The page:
Masisi is a small village with one petrol station, and is the last place once can fill up with diesel before the border.
It is well-signposted and easy to find.
Pafuri River Camp is privately owned–not a part of Kruger National Park, and situated beside the gate into Kruger Park.
It is delightfully rustic if that’s your thing. The tented cabins are on raised platforms, each with a well-equipped kitchen underneath and a separate toilet. We had a hot shower in the communal ablution block.
Each cabin has its own yard, bonfire place, and braai ( barbeque).
Wednesday, October 24, 2018
We left Pafuri River Camp at 7:00 am and entered Kruger National Park via Pafuri Gate, where we had to pay a ‘conservation fee’ in the amount of R166. You have to go through the park to get to the border post. There is no way around.
We arrived at the South African Pafuri Border Post just after 8:00 am and met up with John and Jenny.
There was a slight delay when the South African police had to call Johannesburg to verify that we were allowed to take the vehicle across the border–despite the confirmation letter we produced, but we weren’t held up for long.
At the Mozambique Border, we had to go through immigration first, then customs and then the vehicle was searched. There is a limit on bringing alcohol into the country, but I haven’t been able to find the definitive information. We had a little extra hidden away in various different locations.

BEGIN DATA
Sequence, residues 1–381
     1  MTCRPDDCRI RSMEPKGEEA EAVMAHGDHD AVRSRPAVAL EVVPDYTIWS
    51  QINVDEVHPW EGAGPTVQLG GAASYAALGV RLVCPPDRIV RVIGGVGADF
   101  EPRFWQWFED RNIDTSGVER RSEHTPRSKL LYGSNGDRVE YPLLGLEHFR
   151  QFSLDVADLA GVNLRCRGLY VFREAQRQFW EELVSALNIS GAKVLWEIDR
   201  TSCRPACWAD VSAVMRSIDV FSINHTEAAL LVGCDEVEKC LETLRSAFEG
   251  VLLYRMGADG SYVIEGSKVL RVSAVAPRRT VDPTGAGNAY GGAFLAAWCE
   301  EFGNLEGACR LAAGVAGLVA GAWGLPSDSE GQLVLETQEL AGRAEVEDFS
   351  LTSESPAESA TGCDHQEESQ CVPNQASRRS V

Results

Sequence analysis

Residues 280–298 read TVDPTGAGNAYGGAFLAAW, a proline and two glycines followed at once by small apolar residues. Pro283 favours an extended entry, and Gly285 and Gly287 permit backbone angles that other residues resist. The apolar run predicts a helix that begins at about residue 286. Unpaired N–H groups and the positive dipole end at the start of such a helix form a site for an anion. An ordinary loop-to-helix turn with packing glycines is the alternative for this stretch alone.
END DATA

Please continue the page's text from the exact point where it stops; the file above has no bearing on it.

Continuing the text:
The customs officials questioned us for a while and asked if we had any cool drinks or beer, but at no time did we feel threatened or uncomfortable. They eventually gave up and gave us directions to the closest Limpopo River crossing.
We turned at the first left turn in the track, after 1.7 km, as they had explained, and followed a winding, narrow dirt road through a stand of fever trees and across the floodplain down to the Limpopo River. (About 3 km). Coordinates of the crossing are: S21deg 12” 54.88’ ; E032deg 12” 27.24’.
At this time of the year, the great grey-green greasy Limpopo River (Rudyard Kipling) was very low, and the water posed less of a challenge than the soft sand. We stopped to let the tires down to 1.8 kpa, and both vehicles made the crossing without a problem. We left the tires at that pressure for the entire visit, as the going was rough and slow the entire time and there were lots of sandy river crossings.